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Quarantine is what I like to call a “no sense movie” because the characters all lack common sense. I fully understand that horror movies rely on contrivances and illogical behavior to keep the horror coming, but this film takes stupidity to a whole new level. Never before have I sat through a movie and wanted the characters to meet their demises so badly so I could leave the theater. Frankly, they had it coming.

Quarantine utilizes the soon-to-be-annoying use of the first person shaky camera technique, where you only see what the character in the film sees through his or her lens. This tactic has been used in Diary of the Dead, The Blair Witch Project, and the amazing Cloverfield, among others. However, there is a stark contrast between Cloverfield and Quarantine. Cloverfield took you on a wild ride where you never knew what to expect. It boasted excellent performances from its cast and its special effects were dazzling. I’ll never forget seeing the Statue of Liberty’s head rolling down the street in a cloud full of dust, but I’ll eventually forget every second of Quarantine. The film uses the shaky camera technique not as a way to immerse you into the proceedings, but merely as a gimmick to keep production costs low and jump scenes abundant.

The film begins with Angela, played by Jennifer Carpenter, standing outside of a fire station where she and her cameraman will be spending the night. The purpose is to catch some action on film, so if the firefighters get a call, Angela is tagging along. As the alarm blazes and they make their way inside an apartment building where a distress call has been issued, they find a woman who viciously attacks one of the firefighters. As they try to leave and seek help, they find out they are quarantined inside the building and if they try to escape, they will be shot.

And that is precisely where Quarantine got too silly for its own good. This is a film with a lot of potential that could have been truly creepy, but I found it laughable due to the atrocious dialogue and stupidity of the characters. When they initially find that woman, she is pale, bleeding everywhere, and foaming from the mouth. Then she takes a chunk out of a firefighter’s neck. Logic would dictate that the next time you see somebody with similar symptoms, you stay away. But these people continually act oblivious to what is going on, approaching everybody they find regardless of the fact that their eyes are glazed over, they’re dripping in the red stuff, and the group’s previous encounters have all produced violent attacks.

It just seemed like too many things happened in a context that felt forced rather than realistic. Late in the movie, the owner of the apartment building informs the group that there is indeed a way out. The basement has a shaft that will lead them down to the sewers. Well, why didn’t he mention that to begin with, you know, before people started dying? The occurrences happened at the convenience of the screenplay rather than logically.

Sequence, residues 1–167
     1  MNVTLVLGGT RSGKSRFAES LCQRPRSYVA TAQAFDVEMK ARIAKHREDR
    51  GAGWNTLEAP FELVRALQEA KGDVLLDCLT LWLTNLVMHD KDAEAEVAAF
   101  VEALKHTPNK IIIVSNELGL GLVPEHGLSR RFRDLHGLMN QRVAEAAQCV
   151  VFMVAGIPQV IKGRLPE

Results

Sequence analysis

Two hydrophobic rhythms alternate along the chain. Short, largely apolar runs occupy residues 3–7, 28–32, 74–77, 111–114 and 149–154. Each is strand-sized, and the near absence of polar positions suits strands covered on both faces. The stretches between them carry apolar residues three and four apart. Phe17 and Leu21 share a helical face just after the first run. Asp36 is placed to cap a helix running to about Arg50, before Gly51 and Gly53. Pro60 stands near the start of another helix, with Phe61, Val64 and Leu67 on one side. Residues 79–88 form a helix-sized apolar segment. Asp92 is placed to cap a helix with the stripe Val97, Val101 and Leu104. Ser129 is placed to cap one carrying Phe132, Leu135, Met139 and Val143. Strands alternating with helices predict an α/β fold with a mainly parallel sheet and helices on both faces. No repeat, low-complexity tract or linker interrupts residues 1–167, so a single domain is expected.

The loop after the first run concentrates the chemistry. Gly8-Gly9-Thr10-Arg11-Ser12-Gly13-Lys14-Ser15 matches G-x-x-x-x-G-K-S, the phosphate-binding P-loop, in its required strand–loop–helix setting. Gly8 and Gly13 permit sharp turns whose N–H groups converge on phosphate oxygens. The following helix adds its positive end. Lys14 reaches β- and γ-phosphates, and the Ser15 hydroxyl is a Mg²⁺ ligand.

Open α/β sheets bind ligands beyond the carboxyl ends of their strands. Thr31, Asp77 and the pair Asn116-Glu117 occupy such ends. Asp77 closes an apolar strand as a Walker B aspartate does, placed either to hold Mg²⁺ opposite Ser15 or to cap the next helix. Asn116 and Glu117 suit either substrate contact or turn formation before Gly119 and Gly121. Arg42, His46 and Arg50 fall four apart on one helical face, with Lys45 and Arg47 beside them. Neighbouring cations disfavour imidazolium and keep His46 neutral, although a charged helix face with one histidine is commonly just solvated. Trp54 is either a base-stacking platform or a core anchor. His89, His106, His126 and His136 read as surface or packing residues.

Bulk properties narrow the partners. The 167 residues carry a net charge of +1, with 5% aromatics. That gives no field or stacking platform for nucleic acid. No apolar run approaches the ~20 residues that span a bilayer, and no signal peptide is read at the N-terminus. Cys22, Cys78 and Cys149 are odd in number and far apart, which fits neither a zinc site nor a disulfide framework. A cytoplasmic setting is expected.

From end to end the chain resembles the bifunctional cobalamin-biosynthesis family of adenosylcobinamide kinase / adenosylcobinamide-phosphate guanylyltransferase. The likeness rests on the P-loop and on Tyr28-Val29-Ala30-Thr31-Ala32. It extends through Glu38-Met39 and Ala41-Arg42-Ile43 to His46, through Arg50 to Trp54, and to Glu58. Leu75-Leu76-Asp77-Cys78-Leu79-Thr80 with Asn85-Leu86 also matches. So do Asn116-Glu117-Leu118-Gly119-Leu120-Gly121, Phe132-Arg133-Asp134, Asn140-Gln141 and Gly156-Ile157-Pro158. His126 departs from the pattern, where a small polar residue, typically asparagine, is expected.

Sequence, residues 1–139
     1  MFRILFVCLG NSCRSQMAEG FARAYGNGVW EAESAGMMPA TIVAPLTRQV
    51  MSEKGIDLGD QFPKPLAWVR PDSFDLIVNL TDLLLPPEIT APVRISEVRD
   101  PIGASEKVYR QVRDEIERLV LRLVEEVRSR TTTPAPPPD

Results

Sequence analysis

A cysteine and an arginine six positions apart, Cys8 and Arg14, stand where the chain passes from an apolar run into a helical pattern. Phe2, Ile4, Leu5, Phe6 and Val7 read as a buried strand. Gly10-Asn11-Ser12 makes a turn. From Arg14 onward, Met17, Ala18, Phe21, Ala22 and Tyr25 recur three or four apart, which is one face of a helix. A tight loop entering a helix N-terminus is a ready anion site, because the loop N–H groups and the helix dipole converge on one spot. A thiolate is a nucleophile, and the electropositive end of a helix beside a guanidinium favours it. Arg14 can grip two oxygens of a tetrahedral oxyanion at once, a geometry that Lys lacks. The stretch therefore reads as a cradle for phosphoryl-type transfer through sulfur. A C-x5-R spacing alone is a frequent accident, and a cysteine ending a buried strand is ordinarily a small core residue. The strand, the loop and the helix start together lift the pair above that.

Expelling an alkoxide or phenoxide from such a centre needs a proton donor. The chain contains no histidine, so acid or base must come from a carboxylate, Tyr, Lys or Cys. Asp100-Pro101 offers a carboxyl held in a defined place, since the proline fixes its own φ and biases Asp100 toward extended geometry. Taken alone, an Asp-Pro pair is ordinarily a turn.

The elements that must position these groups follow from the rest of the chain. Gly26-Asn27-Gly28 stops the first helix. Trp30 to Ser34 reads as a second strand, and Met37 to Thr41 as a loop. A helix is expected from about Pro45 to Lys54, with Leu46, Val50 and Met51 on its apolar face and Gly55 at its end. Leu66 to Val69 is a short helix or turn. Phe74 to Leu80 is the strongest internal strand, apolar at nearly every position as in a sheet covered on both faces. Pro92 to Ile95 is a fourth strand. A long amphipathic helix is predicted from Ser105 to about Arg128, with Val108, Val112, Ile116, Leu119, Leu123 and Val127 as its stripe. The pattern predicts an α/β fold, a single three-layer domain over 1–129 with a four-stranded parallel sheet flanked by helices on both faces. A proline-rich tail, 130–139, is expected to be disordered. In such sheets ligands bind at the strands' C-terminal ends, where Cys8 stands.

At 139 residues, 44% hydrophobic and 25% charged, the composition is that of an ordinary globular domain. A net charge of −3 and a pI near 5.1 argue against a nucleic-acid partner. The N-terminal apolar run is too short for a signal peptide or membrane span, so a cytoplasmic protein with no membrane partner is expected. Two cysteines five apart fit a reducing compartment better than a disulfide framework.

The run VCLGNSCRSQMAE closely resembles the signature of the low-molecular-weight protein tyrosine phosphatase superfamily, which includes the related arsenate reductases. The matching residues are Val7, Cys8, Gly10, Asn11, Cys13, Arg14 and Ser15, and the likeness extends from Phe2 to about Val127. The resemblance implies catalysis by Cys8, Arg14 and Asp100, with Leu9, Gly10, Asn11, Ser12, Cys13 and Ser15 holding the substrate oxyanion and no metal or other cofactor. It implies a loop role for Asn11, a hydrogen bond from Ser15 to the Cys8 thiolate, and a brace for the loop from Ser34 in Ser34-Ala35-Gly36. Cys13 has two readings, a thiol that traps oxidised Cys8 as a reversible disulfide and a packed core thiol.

Even so, all of the blame can’t go to the script. Had the acting been better, it would have made what was going on more believable and thus easier to accept when the script began to hit those contrivances. But the performances were terrible. Jennifer Carpenter played it over the top, shrieking, panting, and wheezing through this entire movie and she began to grate on my nerves. If I were locked in that building with her, I would have off-ed her myself. She’s a poor actress who had one good role in The Exorcism of Emily Rose. Good for her, but it’s time to move on.

There are a few things that can tip you off that a horror movie will be weak. Sequels, remakes, or Americanized versions of foreign films usually tend to not bode well with fans of the genre. Unfortunately, Quarantine falls into one of those categories. It is an Americanized remake of the Spanish film [REC]. For that reason, it may as well have been dead on arrival. I gave it a fair shot and I tried to like it. I really did. But eventually, I grew tired of the nonsensical goings-on and wanted these idiotic characters to meet their justified fate. Had they been smarter, I may have felt otherwise, but let’s be honest. A group of ten year olds could survive longer in that building than the pack of morons in this movie. It’s almost Halloween and we all want a quality horror film that will scare the bejeesus out of us. Quarantine is not that film.

Quarantine receives 1.5/5

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